MALDI Mass Spectrometry

Main content

Matrix-assisted laser desorption ionization (MALDI) is a soft ionization technique for mass spectrometry that allows for the detection of diverse chemical compounds over a broad mass range. Analytes such as high-mass molecules or fragile small molecules can be detected intact and quantified. We exploit specific advantages of MALDI-MS, such as its high-troughput capabilities, for novel analytical challenges in biotechnological process monitoring, multidimensional protein analysis or the analysis of microbial populations, with single cell sensitivity using specialized targets called microarrays for mass spectrometry (MAMS).

Mean intensity vs laser fluence (337 nm) vs. delayed extraction time  
Fig. 1 Mean intensity at individual instrument parameters on a copper target

The mechanism(s) in MALDI is/are still not fully understood. Current models still leave room for mechanistic interpretation. We are studying the MALDI mechanism(s) using a unique lab-built internal MALDI source coupled to an FT-ICR instrument. The setup offers advantages in the trapping/detection of unstable species formed immediately after laser impact, as well as the simultaneous detection of negative and positive ions, which is highly advantageous in seeking a unified mechanism for MALDI. The better understanding of ionization mechanisms can ultimately allow to extend this knowledge to routine analysis and to have better control to enhance the sensitivity of MALDI for the detection of analytes of interest. Moreover, the influence of the target substrate on the desorption process and thus on the maximum ion yield is of high interest for the mechansitic interpretation (fig.1, exemplary for copper in neg ion mode). 

The high speed of analysis in combination with the robustness of the MALDI process in samples with high salt concentrations allows us to develop methods to monitor biotechnological processes. Our methods aim at the detection and quantification of antibodies, proteins and selected metabolites from mammalian cell cultures. Moreover the microarray technology is applied to on-plate store liquid chromatography separations. The stored volumes can then be further processed for multidimensional readouts e.g. for the identification of PTM's.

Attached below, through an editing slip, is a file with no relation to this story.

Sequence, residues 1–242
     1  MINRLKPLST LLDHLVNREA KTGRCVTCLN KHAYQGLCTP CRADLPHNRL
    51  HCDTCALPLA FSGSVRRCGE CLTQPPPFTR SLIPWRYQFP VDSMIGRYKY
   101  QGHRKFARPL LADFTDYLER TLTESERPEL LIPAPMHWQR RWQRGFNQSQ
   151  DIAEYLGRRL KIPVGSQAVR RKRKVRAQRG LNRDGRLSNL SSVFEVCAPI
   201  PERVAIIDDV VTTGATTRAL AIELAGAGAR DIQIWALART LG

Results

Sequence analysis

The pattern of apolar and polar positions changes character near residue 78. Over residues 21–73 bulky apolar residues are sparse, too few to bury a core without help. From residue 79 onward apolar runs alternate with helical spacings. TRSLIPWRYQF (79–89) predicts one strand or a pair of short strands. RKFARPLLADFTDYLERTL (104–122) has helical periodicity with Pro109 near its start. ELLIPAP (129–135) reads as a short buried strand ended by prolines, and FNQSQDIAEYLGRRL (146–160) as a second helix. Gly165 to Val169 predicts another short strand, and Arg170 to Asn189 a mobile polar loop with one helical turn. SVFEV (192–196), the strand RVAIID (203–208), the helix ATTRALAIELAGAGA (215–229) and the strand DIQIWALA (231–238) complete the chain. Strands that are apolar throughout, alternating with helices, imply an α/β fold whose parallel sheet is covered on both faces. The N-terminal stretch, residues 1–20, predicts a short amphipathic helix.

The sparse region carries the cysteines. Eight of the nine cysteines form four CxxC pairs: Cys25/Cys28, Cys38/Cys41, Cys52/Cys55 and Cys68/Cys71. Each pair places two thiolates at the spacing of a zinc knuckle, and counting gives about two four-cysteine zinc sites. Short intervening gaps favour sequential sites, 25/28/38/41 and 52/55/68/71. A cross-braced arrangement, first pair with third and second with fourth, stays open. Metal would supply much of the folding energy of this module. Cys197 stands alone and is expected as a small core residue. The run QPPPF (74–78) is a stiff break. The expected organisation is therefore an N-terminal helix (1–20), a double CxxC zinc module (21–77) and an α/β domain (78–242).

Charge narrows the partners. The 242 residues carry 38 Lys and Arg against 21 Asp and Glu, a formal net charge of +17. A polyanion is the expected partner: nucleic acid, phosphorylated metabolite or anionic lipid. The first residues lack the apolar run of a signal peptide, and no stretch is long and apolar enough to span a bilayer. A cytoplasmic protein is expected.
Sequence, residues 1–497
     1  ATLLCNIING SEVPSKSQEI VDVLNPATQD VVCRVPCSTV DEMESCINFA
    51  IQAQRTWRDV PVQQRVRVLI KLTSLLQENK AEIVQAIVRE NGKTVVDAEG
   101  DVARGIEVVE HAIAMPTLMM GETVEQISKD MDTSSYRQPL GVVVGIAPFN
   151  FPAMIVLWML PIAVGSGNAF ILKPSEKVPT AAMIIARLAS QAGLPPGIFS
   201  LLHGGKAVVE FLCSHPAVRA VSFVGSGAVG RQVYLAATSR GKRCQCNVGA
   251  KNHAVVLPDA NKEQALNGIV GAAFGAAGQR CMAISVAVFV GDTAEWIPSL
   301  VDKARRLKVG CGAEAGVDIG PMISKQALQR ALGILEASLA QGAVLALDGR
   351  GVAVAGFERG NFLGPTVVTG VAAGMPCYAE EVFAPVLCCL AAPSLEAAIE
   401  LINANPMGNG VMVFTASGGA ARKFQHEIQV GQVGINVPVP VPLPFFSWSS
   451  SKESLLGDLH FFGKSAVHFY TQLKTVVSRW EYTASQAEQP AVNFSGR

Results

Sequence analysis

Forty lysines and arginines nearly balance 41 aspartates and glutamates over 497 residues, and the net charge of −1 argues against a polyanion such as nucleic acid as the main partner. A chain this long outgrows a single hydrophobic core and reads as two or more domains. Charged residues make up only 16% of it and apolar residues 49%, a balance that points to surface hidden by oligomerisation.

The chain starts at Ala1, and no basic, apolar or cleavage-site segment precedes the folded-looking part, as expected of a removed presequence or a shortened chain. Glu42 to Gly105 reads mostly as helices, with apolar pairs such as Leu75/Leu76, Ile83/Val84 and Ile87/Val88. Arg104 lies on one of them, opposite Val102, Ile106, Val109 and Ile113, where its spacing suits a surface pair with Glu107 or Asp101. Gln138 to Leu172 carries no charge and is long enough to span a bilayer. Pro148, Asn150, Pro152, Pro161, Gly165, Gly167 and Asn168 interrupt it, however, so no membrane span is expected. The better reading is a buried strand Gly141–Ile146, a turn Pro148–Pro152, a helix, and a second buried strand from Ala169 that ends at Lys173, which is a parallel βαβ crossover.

The main advantages of MALDI as an ionization technique are it's sensitivity, the speed of analysis as well as the selectivity provided by the simple sample preparation steps. This makes it possible to ionize samples from complex (biological) matrices with high sensitivity. In this context our laboratory developed a microarray for mass spectrometry with self aliquoting properties. Using this microarray we are developping methods to analyze cellular activity in microbial populations with single-cell sensitivity (Fig. 2). In recent years, there has been a surge in the development and application of single-cell genomics, transcriptomics, proteomics, and metabolomics.The most interesting potential application of single-cell metabolomics may be in the area of cancer—for example, identification of circulating cancer cells that lead to metastasis.

12 black and 12 white dots, the average measurement shows a grey population.  
Fig. 2 Classical motivation for single cell measurements
Microarray for mass spectrometry; over 2000 spots with a 300 um diameter are arranged in lanes and rows on the chip  
Fig. 3 Microarray for mass spectrometry

Current Scientific projects

Single cell analysis. We have developed a MALDI-MS based population screening method with single cell resolution. The challenge when it comes to analyzing metabolites from single cells is the extremly small sample amount, which can only be sucessfully analyzed by highly sensitive methods. Using MALDI-MS, mass spectra can be collected from cells that are separated by individual target wells.

Biotechnological process monitoring. We develop a novel high-throughput method based on MALDI time-of-flight mass spectrometry to monitor mammalian cell-based biotechonological processes. 

MALDI mechanism(s). A focus of our research is elucidating the underlying mechanisms by systematically studying the influence of many experimental parameters, e.g. the substrate material’s conductive properties and the influence on the ion yield for negative and positive polarities by means of MALDI-Time-of-Flight and -Fourier-Transform Ion Cyclotron Resonance mass spectrometry.

Staff: Guido Zeegers, Mario Mirabelli


Page URL:
Fri Jul 21 01:45:52 CEST 2017
© 2017 Eidgenössische Technische Hochschule Zürich